British Cemetery Marker, Ocracoke
This memorial, a small metal marker mounted on a wooden post, commemorates the burial of the recovered bodies of British sailors who died in the sinking of the trawler the HMT Bedforshire in May of 1942 off the coast of North Carolina. The marker sits outside the white picket fence surrounding the burial plot. It honors the dead and the establishment of the cemetery, and a companion memorial to the HMT Bedfordshire sits several feet away in the cemetery garden area. The British flag flies over the site.
Plaque | Four tombstones |
These gravesites contain the bodies of four British seamen. Their ship, the armed trawler HMS
Bedfordshire, was on loan to our Navy by Great Britain to help protect our shores during the early days of
World War II.
On May 11, 1942 the Bedfordshire was torpedoed and sunk by a German sub. All hands were lost and these four were the only bodies recovered. This cemetery is maintained by Ocracoke Coast Guard Station personnel.
Ocracoke Coast Guard Station
35.116680 , -75.980790 View in Geobrowse
"British Cemetery," in "CoastalGuide: Travel and Real Estate Information for the coastal Carolinas," (accessed January 22, 2014) Link
"The Sinking Of The H.M.T. Bedfordshire," IPS Community Forums, (accessed January 22, 2014) Link
"The sinking of HMS Bedfordshire," History Features (March 2008), BBC, (accessed February 14, 2013) Link
Branch, Paul. 2006. "British Cemetery," NCpedia, (accessed November 26, 2013) Link
National Oceanic & Atmospheric Administration. "HMT Bedfordshire," Battle of the Atlantic Expedition, (accessed November 26, 2013) Link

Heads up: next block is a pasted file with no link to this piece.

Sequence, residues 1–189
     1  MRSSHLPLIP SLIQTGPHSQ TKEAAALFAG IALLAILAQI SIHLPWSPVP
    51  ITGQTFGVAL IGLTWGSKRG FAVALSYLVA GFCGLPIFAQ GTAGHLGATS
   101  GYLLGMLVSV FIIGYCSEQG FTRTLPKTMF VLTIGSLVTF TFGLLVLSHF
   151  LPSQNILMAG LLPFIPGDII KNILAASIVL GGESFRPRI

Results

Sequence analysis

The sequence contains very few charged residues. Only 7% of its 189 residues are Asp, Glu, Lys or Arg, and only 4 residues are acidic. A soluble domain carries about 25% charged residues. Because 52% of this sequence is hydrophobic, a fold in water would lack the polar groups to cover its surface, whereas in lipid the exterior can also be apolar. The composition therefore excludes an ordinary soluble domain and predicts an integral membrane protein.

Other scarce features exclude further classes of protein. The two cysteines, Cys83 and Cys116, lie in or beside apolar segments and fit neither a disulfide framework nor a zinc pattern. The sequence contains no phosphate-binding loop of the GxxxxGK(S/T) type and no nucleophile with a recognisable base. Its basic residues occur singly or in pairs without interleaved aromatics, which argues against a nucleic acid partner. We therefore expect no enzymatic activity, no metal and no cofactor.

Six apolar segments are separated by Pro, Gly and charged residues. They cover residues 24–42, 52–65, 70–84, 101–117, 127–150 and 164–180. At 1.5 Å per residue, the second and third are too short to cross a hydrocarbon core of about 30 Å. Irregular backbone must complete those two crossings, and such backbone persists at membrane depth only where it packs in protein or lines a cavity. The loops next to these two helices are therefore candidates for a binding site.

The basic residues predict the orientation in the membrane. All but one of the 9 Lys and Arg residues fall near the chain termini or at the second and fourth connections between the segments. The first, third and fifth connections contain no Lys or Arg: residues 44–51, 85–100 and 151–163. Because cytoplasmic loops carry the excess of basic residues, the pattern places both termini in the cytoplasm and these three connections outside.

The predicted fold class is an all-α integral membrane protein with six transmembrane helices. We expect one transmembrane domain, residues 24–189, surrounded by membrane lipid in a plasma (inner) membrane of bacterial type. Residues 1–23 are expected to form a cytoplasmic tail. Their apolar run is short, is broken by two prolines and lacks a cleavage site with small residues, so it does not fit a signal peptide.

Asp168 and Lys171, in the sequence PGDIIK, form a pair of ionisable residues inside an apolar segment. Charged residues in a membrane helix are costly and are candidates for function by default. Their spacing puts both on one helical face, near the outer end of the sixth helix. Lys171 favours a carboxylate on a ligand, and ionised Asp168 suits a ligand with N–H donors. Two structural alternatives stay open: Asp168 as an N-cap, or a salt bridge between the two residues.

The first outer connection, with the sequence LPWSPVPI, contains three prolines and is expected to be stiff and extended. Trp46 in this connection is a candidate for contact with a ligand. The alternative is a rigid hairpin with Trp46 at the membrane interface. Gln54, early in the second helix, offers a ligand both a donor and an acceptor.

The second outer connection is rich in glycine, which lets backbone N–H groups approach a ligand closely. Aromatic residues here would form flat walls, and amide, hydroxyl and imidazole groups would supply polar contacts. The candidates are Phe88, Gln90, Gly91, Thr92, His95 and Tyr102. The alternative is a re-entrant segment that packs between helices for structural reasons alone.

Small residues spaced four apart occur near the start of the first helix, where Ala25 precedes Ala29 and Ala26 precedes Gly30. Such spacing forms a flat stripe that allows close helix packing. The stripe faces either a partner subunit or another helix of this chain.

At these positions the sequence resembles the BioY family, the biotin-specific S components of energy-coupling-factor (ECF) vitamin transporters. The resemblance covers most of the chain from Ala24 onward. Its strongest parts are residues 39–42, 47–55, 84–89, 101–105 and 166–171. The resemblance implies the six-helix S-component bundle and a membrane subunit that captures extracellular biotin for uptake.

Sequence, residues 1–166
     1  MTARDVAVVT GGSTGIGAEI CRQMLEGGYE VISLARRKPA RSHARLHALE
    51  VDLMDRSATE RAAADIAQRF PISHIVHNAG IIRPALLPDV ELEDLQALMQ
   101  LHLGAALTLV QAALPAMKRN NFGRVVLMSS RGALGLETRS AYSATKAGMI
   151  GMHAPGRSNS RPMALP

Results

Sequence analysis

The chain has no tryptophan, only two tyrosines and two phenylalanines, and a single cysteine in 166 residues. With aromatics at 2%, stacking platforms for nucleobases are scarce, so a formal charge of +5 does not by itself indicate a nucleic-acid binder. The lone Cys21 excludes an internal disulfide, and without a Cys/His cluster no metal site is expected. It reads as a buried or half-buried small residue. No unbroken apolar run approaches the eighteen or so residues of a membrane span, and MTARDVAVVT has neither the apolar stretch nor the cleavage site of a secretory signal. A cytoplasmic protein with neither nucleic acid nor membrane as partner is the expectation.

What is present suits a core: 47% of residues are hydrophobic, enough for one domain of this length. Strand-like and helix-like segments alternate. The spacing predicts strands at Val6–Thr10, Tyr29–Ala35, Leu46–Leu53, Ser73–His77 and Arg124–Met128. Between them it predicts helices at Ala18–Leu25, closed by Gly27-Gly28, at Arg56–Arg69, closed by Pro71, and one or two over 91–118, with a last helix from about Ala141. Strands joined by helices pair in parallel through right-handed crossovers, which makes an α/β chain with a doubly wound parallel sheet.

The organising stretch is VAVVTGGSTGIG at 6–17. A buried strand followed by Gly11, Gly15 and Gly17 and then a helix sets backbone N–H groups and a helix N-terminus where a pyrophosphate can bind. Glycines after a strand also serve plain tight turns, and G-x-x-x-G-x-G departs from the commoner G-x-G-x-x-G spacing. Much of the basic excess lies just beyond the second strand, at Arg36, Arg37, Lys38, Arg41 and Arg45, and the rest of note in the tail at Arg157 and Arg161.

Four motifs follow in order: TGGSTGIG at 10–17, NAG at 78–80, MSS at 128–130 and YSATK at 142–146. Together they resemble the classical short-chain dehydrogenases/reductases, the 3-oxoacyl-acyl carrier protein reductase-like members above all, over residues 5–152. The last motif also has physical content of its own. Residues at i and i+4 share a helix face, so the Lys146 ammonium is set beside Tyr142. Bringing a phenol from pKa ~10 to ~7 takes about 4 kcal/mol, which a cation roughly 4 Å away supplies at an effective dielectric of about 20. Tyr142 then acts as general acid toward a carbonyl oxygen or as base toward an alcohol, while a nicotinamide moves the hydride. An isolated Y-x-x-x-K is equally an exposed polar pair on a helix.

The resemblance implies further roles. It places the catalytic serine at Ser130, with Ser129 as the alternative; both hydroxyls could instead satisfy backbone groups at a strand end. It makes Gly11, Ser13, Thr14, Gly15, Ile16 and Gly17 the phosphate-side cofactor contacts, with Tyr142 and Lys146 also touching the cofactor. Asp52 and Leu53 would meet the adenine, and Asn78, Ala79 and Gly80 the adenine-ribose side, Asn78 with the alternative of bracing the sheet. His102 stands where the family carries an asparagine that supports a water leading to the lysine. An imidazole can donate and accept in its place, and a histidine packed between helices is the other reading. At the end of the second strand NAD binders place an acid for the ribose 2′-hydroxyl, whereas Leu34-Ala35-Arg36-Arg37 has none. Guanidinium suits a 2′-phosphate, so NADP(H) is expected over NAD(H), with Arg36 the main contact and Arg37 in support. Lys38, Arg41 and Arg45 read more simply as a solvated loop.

National Park Service. "British Cemeteries," Cape Hatteras, (accessed November 29, 2013) Link
Wood base, metal placard lined with rope
In 1942, the British trawler, the HMT Bedfordshire, came to the United States as part of the Allied effort during World War II. While patrolling the waters of the Outer Banks for German Naval activity, the boat was torpedoed by a U-Boat on May 11, 1942, and all thirty-seven crewmen aboard were lost. Only four bodies were recovered. They were laid to rest on Ocracoke in a tiny plot considered the smallest Commonwealth War Graves Commission grave site in the world. Coast Guard service members buried the four recovered bodies in a plot gifted by an Ocracoke family, with the subsequent addition of a fence around the plot. The burial event in 1942 was attended by a 21-gun salute.
The marker is located in front of the burial plot. The cemetery is located on British Cemetery Road and on the right when traveling north. The Wahab-Howard family Cemetery adjoins the memorial cemetery area to the north.
The memorial sits within the cemetery landscape and garden. It sits off the road, sheltered by trees and near historic homes.
Every year on the Thursday and Friday closest to May 11th, a memorial service is held by the U.S. National Park Service, the U.S. Coast Guard, and members of the British Royal Navy.